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Mind reading, Brain fingerprinting and the Law = NeuroLaw

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posted on Jan, 21 2010 @ 11:08 PM
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What if a jury could decide a man's guilt through mind reading? What if reading a defendant's memory could betray their guilt? And what constitutes 'intent' to commit murder?

Neurolaw, also known as legal neuroscience, builds upon the research of cognitive, psychological, and social neuroscience by considering the implications for these disciplines within a legal framework. Each of these disciplinary collaborations has been ground-breaking in increasing our knowledge of the way the human brain operates, and now neurolaw continues this trend.

One of the most controversial ways neuroscience is being used in the courtroom is through 'mind reading' and the detection of mental states. While only courts in New Mexico currently permit traditional lie detector, or polygraph, tests there are a number of companies claiming to have used neuroscience methods to detect lies.

Methods include:
*EEG - electroencephalography
*BEOS - brain fingerprinting and brain electrical oscillations signature
*fMRI - functional magnetic resonance imaging


"Some proponents of neurolaw think that neuroscience will soon be used widely throughout the legal system and that it is bound to produce profound changes in both substantive and procedural law," conclude the authors. "Other leaders in neurolaw employ a less sanguine tone, urging caution so as to prevent misuses and abuses of neuroscience within courts, legislatures, prisons, and other parts of the legal system.
Link

Introducing a growing new field of Science and Law - NeuroLaw

It's looking like a brave new world, folks...





ed: to fix link

[edit on 22-1-2010 by LadySkadi]




posted on Jan, 21 2010 @ 11:10 PM
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Neuroethics at the World Science Festival




In this clip, Nikolas Rose expresses doubts that the field of neuroethics will have any radical implications for jurisprudence, to which both Patricia Churchland and Francis Collins agree. Paul Nurse then brings up the problem of freewill, an issue which Daniel Dennett has written extensively on.


Full Discussion - Here



posted on Jan, 21 2010 @ 11:23 PM
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Thanks for the link. I am very interested in this. I am studying to be a court reporter so I will update anything that comes up. Also, I bookmarked the link so I will view it tomorrow. Thanks again, S&F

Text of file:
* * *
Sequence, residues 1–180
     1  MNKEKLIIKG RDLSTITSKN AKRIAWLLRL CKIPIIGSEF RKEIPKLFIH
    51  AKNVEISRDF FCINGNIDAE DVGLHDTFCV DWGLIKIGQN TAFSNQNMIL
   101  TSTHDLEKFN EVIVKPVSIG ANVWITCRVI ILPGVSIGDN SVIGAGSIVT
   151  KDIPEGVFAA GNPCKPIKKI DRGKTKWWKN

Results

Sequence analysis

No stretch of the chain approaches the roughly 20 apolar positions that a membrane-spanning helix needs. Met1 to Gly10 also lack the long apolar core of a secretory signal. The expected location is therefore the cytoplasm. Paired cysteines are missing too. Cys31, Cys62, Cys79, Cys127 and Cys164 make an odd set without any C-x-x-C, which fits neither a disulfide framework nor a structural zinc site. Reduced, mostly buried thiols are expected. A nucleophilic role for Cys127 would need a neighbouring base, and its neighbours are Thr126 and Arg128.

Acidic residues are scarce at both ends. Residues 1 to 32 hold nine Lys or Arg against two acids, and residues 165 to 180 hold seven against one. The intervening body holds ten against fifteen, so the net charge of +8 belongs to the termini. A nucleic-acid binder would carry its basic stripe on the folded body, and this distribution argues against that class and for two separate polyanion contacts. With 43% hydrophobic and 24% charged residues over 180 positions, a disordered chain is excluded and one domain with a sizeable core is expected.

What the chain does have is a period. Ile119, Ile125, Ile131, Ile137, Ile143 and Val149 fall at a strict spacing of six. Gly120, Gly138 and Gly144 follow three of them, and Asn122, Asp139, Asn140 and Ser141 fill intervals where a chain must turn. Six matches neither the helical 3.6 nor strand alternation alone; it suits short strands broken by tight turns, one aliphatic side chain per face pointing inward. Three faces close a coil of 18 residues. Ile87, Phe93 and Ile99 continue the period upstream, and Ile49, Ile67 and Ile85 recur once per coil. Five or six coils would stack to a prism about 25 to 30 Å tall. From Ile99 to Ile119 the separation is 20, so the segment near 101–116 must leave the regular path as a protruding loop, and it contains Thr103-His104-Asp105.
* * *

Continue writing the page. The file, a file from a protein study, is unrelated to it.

posted on Jan, 21 2010 @ 11:26 PM
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reply to post by eazyriderl_l
 

Very interesting! Please feel free to contribute any information you have or find in the future.

Definitely an interesting discipline.





[edit on 21-1-2010 by LadySkadi]



posted on Jan, 21 2010 @ 11:43 PM
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Resource

The Law and Neuroscience Blog


... the members of the MacArthur Law and Neuroscience Project (LANP) can share their ideas and interact with not only other researchers but also with the interested public more generally. One of the main goals of the blog is to provide people with a resource for finding out about cutting edge research at the cross-roads of neuroscience, law, and philosophy. Hopefully, readers will be as interested in the recent and future developments in the growing field of neurolaw as we are.



posted on Jan, 22 2010 @ 12:12 AM
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I just don't know...

I believe some people have the ability to receive readings of future events. Some have this ability more than others IMHO. I believe some are more sensitive. But I highly doubt one could build a case on someones "mind Reading" abilities.


Brain fingerprinting now that's interesting.


[edit on 22-1-2010 by SLAYER69]



posted on Jan, 22 2010 @ 12:22 AM
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Funny how life imitates art.




posted on Jan, 22 2010 @ 12:30 AM
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One step closer to the apocolypse.

Hold on to your hats and try not to get suicidal.



posted on Jan, 22 2010 @ 12:32 AM
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reply to post by timewalker
 


That was the first thing I thought of.



Really, it's kind of creepy. Memories incriminating you? How can they be sure that you're thinking what they think you're thinking? Maybe I'm feeling guilty for telling someone off and not apologizing before they were killed and they mistake it for me feeling guilty about killing them. Definitely interesting to think about, and yet frightening at the same time.



posted on Jan, 22 2010 @ 12:29 PM
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reply to post by SLAYER69
 

Not talking about someone's psychic ability as much as it's about somethings ability to interpret brain wave patterns... Brain fingerprinting has to do with recognition of events via personal experience.









[edit on 22-1-2010 by LadySkadi]



posted on Jan, 22 2010 @ 12:31 PM
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reply to post by timewalker
 

Yep, I thought about this movie too.

It is a bit different from what the researchers are doing, but still...




posted on Jan, 22 2010 @ 12:33 PM
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Michael S. Gazzaniga on the Law & Neuroscience Project




Michael S. Gazzaniga, Professor of Psychology, University of California at Santa Barbara & Director of the MacArthur Foundation's law & neuroscience Project.


www.lawandneuroscienceproject.org...

[edit on 22-1-2010 by LadySkadi]



posted on Jan, 22 2010 @ 12:40 PM
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reply to post by LadySkadi
 
Yeah, no Pre Cogs yet. We have to rely on technology for now. Machines malfunction. We rely on them too much. I can see it now- Supreme Court ruling, juries are too emotional, our machines (that we all have stock in the parent company) are perfect. UNTIL THEY COME FOR YOU.